Movie Mom

Movie Mom

Movie Mom™


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  New to DVD

Wish I Was Here
Lowest Recommended Age: Mature High Schooler
MPAA Rating:
Rated R for language and some sexual content
Release Date:
July 18, 2014

 

Heaven is for Real
Lowest Recommended Age: Middle School
MPAA Rating:
Rated PG for thematic material including some medical situations
Release Date:
April 16, 2014

Boyhood
Lowest Recommended Age: Mature High Schooler
MPAA Rating:
Rated R for language including sexual references, and for teen drug and alcohol use
Release Date:
July 18, 2014

 

Sabotage
Lowest Recommended Age: Adult
MPAA Rating:
Rated R For strong bloody violence, pervasive language, some sexuality/nudity and drug use
Release Date:
March 28, 2014

Planes: Fire & Rescue
Lowest Recommended Age: Kindergarten - 3rd Grade
MPAA Rating:
Rated PG for action and some peril
Release Date:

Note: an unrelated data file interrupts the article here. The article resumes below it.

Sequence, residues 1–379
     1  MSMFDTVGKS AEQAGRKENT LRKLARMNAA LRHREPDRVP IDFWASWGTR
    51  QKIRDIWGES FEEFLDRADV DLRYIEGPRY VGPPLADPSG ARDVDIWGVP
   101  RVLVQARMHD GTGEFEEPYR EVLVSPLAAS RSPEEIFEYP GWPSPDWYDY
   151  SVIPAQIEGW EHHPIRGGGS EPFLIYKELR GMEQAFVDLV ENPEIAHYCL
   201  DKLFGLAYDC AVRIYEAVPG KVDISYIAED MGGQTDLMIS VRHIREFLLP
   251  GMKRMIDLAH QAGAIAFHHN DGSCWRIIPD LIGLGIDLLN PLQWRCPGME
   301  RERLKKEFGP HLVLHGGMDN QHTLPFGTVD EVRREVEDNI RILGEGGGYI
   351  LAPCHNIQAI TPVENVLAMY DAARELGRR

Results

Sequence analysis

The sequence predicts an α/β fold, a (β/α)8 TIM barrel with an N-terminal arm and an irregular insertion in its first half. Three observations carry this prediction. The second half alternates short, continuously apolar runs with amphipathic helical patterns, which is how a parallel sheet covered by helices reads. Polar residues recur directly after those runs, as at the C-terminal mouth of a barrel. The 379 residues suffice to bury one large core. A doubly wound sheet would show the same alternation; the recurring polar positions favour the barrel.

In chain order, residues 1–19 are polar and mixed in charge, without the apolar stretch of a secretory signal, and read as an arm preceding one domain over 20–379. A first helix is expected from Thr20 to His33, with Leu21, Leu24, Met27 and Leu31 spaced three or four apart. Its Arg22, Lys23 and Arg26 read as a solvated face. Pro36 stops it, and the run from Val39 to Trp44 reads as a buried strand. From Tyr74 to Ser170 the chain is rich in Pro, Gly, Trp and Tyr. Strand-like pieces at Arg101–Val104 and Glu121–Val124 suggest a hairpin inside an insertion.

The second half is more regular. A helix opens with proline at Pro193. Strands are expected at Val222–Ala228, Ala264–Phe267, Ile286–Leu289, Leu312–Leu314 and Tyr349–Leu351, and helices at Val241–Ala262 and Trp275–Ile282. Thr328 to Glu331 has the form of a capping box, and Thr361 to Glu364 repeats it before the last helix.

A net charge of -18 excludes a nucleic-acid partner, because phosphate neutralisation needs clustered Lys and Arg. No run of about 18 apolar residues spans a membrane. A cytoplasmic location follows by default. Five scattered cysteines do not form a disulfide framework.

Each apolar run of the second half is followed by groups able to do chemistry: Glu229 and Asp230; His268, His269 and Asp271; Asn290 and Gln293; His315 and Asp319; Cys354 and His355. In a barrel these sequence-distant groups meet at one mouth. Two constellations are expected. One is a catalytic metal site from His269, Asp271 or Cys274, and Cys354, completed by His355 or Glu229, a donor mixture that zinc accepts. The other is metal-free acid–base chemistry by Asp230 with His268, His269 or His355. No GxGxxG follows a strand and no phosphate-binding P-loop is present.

July 18, 2014

 

Transcendence
Lowest Recommended Age: Middle School
MPAA Rating:
Rated PG-13 for sci-fi action and violence, some bloody images, brief strong language and sensuality
Release Date:
April 19, 2014

The Haunted Mansion

posted by rkumar
D
Lowest Recommended Age:Kindergarten - 3rd Grade
Movie Release Date:2003

When Disney makes a movie based on a theme park ride, it is not about inspiration, it is about branding. Pirates of the Caribbean: Curse of the Black Pearl managed to be a delight — and a huge hit — but that’s because it had imagination and verve. Apparently, there was none left over.

This is an overstuffed and under-imagined attempt to turn a six-minute ride into a 90 minute picture. The plot is as thin as spider webs and is as predictable as a Scooby-Doo episode. The result is barely worth the price of a video rental, even from 99 cent bin.

Jim Evers (Eddie Murphy whose role as an eager-to-please realtor tests even his facile smile) and his lovely wife Sara (Marsha Thomason) spontaneously head out of town to celebrate their wedding anniversary and spend some time with the family. He has two kids, Megan (Aree Davis), the fearless and bossy big sister, and Michael (Marc John Jefferies) the timid and arachnophobic young son. Jim neglects his family for “it will only be 20 minutes” business meetings that turn into hours, and his wife and children are unhappy.